By Marcia Montenegro (page 1 of 4)
June, 2005

I think that I shall never see
 A poem as lovely as a tree.
 A tree whose hungry mouth is prest
 Against the earth's sweet flowing breast;
 A tree that looks at God all day,
 And lifts her leafy arms to pray;
 A tree that may in Summer wear
 A nest of robins in her hair;
 Upon whose bosom snow has lain;
 Who intimately lives with rain.
 Poems are made by fools like me
 But only God can make a tree.
 ~ Joyce Kilmer, "Trees"

There are over 235 references to "tree" or "trees" in the Hebrew Scriptures that involve trees as poetry, metaphor, pagan worship, parables, rebukes from God, and as pictures of God's restoration. The word translated as "wood," when coming from a tree, is usually the same Hebrew word as tree, and there are at least 110 references using this word. God often uses the image of trees in his word to vividly illustrate his teachings, reprimands, and prophecies.

Wood was used for fire, worship, shelter, and commerce (J. I. Packer, M. C. Tenney, eds., Illustrated Manners and Customs of the Bible [Nashville: Thomas Nelson Publisher, 1980], 256). God even shows a special regard for trees in Deuteronomy 20:19 when He forbade the Israelites from chopping down trees that bore fruit in time of war, "for you may eat from them, and you shall not cut them down. For is the tree of the field a man, that it should be besieged by you?" (New American Standard Bible, hereafter referred to as NASB)

Looking at the earliest moments of man, we see that trees played a crucial role.

Two Trees in the Garden

The Hebrew Scriptures, in the story of creation, introduce us to two trees that play a role in man's destiny and are woven as themes throughout the Bible. In Genesis 1:11, God creates vegetation, including trees; and Genesis 2:8 and 9 tells us that God planted a garden in which he caused trees to grow from the ground, "trees that were pleasing to the eye, and good for food" (New International Version, hereafter referred to as NIV). Trees were objects of beauty and a source of nourishment.

Genesis 2:9 also tells us that in the middle of the garden, called Eden, were two trees: the tree of life (Note from NET [New English Translation] Bible: "In light of Gen 3:22, the construction 'tree of life' should be interpreted to mean a tree that produces life-giving fruit (objective genitive) rather than a living tree (attributive genitive)," p. 7) and the tree of the knowledge of good and evil. God told Adam and Eve they could eat from any tree in the garden but they were forbidden to eat from the tree of the knowledge of good and evil. However, Adam and Eve failed this test, succumbing to the temptation of the serpent and desiring to be as God, as promised by the serpent, "knowing good and evil." Having eaten the fruit from the forbidden tree, their eyes were opened and they knew evil first-hand, a consequence of disobeying God. Full of shame, they sewed fig leaves together to cover their nakedness. They had chosen to believe the forbidden fruit was good, rather than believe God.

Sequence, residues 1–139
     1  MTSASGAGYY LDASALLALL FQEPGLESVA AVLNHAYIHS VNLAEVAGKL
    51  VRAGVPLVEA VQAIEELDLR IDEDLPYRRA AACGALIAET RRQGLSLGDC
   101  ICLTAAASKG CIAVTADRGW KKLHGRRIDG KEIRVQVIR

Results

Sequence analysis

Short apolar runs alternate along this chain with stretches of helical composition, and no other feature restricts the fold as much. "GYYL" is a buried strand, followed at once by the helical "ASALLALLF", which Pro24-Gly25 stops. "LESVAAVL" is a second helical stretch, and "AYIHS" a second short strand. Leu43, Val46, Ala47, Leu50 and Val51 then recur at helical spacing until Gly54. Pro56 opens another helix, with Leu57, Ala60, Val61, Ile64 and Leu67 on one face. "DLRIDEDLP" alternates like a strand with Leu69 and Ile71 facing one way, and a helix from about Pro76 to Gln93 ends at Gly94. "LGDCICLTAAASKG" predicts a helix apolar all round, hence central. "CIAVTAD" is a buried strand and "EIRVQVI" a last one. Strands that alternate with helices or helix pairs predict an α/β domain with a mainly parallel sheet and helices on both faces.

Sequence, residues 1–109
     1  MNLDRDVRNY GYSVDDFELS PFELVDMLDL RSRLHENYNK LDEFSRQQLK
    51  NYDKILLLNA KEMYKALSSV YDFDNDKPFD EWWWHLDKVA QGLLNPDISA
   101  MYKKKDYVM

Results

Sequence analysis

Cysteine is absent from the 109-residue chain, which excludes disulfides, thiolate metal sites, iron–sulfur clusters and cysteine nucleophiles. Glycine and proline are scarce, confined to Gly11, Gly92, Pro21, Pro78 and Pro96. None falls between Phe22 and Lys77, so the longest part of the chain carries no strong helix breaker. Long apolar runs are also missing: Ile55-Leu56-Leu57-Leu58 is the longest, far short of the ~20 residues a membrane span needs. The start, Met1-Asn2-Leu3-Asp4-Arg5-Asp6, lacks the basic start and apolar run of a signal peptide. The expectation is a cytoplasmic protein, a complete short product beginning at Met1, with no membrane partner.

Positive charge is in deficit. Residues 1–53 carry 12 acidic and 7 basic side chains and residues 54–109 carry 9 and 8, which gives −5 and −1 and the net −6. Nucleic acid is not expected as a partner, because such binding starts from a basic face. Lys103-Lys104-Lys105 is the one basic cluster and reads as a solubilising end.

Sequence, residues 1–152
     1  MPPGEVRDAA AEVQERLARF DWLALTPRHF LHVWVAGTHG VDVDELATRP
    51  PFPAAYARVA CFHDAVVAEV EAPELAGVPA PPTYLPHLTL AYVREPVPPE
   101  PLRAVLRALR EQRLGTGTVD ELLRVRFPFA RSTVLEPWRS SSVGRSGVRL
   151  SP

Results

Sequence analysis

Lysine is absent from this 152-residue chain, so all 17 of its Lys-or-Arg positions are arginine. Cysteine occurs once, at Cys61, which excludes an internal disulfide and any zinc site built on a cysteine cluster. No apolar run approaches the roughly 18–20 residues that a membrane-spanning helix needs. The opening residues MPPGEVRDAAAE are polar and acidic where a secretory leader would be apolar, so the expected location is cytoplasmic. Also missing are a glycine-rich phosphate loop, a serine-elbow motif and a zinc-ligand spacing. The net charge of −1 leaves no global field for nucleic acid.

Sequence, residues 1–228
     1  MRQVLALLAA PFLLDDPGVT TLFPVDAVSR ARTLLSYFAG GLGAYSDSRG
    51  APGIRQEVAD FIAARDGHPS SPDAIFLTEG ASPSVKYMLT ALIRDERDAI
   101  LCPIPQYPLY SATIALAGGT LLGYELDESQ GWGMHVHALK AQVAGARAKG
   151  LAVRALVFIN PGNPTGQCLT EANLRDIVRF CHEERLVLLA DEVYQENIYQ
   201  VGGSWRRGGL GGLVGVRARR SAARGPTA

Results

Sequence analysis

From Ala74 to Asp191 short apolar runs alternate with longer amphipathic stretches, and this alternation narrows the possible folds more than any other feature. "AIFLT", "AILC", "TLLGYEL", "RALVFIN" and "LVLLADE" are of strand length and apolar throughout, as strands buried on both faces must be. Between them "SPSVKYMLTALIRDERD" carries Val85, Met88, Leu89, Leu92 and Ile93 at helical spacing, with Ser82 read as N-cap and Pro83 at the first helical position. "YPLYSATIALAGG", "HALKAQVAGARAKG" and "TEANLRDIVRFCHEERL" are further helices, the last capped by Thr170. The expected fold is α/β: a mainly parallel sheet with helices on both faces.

It's ironic that Adam and Eve used leaves from a tree as a covering, after having experienced separation from God through eating from a forbidden tree. Could the forbidden tree have been a fig tree, and could Adam and Eve have possibly used the leaves from that tree? In some Gnostic and Islamic traditions, the two famed trees in the Garden were the fig tree and the olive tree, with the olive tree being the tree of life, thus making the fig tree the tree of knowledge (Hans Biedermann, Dictionary of Symbolism: Cultural Icons and the Meanings Behind Them [NY: Meridian, Penguin Books USA Inc., 1994; Translation copyright, NY, NY: Facts on File Inc., 1992], 128; Jack Tresidder, Dictionary of Symbols [San Francisco: Chronicle Books, 1998; Duncan Baird Publishers, 1997], 148) and in many pagan beliefs, the tree of knowledge is a fig tree (J. C. Cooper, An Illustrated Encyclopedia of Traditional Symbols [London: Thames and Hudson, Ltd, 1978], 66) .